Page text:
Mt. Hawley Postscript: Bad Facts Don’t Help on Appeal

On July 23, 2010, the U.S. District Court for the Southern District of West Virginia issued a decision affirming Magistrate Judge Mary E. Stanley’s decision in Mt. Hawley Insurance Company v. Felman Production Inc., 2010 WL 1990555 (S.D.W.Va., May 18, 2010). In doing so, the court shed some light on the key takeaways from the magistrate’s decision. If I were an advocate facing argument based on Mt. Hawley, I would be reading this shorter District Court decision as well.

[For background, see my prior posts on this case, Bad Facts Make Bad Law: ‘Mt. Hawley’ A Step Backward for Rule 502(b) and Mt. Hawley Revisited: Bad Apples Make for Bad Law.]

Appeal from the Magistrate

For those who are not lawyers, the appeals process and, in particular, the hierarchy of opinions can be confusing. Not all cases have the same weight when used for precedent. Not all decisions are binding on other courts. So, it is worth taking a second to under the procedural posture, as we used to say in law school.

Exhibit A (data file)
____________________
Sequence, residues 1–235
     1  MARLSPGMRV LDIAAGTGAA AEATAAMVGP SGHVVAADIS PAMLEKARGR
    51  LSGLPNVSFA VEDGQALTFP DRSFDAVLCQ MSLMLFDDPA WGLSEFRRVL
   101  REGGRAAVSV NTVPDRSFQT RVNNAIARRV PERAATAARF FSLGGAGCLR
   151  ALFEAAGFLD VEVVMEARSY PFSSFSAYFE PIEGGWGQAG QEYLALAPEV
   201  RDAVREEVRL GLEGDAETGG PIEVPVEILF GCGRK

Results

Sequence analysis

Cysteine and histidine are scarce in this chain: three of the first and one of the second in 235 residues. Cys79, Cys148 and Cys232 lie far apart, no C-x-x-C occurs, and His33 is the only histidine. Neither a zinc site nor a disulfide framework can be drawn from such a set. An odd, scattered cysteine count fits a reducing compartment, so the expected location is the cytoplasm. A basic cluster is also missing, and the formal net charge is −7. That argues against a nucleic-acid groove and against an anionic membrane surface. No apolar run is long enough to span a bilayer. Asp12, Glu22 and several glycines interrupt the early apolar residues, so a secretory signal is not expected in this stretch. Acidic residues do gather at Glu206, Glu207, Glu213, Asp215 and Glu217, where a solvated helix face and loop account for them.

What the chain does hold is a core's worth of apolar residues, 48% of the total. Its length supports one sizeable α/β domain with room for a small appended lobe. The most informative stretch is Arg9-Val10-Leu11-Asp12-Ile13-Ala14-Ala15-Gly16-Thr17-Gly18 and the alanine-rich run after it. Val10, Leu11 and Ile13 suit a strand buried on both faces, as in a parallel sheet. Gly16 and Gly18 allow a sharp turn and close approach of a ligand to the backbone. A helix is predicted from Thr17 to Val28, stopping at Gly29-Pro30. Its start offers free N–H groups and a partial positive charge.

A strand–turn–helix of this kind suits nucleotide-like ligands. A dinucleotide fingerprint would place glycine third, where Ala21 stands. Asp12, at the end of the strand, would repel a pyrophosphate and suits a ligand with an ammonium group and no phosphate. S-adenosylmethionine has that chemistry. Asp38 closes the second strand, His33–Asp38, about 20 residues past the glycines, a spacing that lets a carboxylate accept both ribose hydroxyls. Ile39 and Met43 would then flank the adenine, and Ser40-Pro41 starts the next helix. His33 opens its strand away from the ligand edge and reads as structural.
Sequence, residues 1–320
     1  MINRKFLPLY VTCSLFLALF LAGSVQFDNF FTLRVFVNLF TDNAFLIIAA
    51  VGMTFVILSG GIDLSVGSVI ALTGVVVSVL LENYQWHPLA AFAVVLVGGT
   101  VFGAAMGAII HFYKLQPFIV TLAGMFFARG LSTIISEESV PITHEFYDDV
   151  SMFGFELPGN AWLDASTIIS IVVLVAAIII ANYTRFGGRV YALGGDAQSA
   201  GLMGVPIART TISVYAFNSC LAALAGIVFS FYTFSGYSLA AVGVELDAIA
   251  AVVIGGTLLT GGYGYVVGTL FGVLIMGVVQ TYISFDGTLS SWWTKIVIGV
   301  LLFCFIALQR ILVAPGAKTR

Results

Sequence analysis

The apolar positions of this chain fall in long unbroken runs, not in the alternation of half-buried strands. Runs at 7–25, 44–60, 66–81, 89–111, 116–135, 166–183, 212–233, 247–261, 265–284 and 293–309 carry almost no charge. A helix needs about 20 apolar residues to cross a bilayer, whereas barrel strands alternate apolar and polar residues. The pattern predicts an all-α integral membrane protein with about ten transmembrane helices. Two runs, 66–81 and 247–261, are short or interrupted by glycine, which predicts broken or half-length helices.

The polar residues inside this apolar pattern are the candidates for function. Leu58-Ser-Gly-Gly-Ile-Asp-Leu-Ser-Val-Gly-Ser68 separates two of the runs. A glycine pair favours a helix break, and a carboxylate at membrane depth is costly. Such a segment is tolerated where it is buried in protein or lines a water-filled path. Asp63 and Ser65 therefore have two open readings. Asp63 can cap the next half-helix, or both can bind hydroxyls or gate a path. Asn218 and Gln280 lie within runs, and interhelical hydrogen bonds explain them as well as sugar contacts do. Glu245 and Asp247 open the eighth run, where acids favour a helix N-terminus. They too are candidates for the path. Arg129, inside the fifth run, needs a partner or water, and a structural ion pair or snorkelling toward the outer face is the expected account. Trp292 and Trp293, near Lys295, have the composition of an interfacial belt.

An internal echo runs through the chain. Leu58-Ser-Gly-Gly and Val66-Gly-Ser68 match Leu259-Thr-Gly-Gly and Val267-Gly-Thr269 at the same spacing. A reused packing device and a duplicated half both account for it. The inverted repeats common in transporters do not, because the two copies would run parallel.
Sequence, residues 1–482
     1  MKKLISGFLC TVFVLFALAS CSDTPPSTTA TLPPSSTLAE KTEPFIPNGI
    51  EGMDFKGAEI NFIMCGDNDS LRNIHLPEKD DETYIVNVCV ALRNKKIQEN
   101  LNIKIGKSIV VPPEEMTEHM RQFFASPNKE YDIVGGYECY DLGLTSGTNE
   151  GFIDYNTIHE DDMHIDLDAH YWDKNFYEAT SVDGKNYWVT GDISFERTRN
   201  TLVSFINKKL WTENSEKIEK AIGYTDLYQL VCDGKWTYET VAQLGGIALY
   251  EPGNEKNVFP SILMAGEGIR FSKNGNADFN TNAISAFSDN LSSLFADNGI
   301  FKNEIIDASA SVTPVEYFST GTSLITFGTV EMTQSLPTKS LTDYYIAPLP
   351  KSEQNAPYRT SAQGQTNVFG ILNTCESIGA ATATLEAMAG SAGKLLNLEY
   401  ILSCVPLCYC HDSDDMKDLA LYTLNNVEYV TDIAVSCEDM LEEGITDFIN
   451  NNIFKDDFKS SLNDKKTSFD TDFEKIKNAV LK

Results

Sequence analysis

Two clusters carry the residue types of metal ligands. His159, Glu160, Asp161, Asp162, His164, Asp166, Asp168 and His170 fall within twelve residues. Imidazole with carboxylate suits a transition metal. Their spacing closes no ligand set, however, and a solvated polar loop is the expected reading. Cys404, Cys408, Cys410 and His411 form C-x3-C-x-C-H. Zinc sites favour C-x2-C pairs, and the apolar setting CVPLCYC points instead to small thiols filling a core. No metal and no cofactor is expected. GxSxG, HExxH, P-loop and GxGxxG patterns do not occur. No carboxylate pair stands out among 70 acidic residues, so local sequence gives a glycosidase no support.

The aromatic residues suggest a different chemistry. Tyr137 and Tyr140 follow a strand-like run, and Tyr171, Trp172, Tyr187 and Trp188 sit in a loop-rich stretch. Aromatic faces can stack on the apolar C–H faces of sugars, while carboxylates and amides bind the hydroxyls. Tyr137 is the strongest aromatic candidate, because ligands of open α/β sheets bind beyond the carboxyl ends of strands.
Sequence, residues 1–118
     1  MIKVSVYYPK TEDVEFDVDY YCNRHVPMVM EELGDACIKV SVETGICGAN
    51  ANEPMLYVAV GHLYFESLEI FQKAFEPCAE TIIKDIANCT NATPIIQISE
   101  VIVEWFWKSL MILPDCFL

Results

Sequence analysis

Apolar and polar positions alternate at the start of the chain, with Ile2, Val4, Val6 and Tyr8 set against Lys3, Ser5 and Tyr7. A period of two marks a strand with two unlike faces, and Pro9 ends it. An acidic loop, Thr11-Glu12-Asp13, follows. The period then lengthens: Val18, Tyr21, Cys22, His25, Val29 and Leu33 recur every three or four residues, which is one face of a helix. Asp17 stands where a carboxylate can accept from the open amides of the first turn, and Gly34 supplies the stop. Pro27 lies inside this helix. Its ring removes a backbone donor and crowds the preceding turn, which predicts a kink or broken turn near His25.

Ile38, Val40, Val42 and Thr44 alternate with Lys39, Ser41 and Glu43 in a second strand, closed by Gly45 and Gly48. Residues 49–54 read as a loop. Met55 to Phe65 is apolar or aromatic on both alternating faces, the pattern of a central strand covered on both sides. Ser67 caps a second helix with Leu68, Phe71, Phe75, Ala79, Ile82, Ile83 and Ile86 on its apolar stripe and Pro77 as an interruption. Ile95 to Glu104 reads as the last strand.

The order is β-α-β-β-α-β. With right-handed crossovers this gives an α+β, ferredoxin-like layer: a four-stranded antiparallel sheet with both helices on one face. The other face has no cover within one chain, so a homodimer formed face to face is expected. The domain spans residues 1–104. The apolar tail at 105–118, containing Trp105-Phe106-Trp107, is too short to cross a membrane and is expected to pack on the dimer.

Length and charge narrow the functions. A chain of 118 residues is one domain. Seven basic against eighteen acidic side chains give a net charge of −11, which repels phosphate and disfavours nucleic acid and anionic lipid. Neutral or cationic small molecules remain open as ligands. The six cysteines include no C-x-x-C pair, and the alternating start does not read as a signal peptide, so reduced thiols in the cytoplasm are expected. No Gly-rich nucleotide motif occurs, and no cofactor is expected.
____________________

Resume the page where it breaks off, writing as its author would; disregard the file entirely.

Magistrate Judge Stanley is not what we call an Article III judge. That means she was not appointed by virtue of Article III of the Constitution, which created the judicial branch of our government. Rather, magistrates are appointed by the district courts pursuant to power granted by Congress. They serve for eight-year terms and are tasked with assisting district judges in the performance of their duties.

In Mt. Hawley, Judge Robert C. Chambers, the district judge in charge of the case, assigned it to Magistrate Judge Stanley to handle many of the pretrial proceedings, a common move in federal courts. Among other things, Magistrate Judge Stanley was asked to handle discovery issues and disputes, also a common assignment. She issued her opinion by virtue of that authority.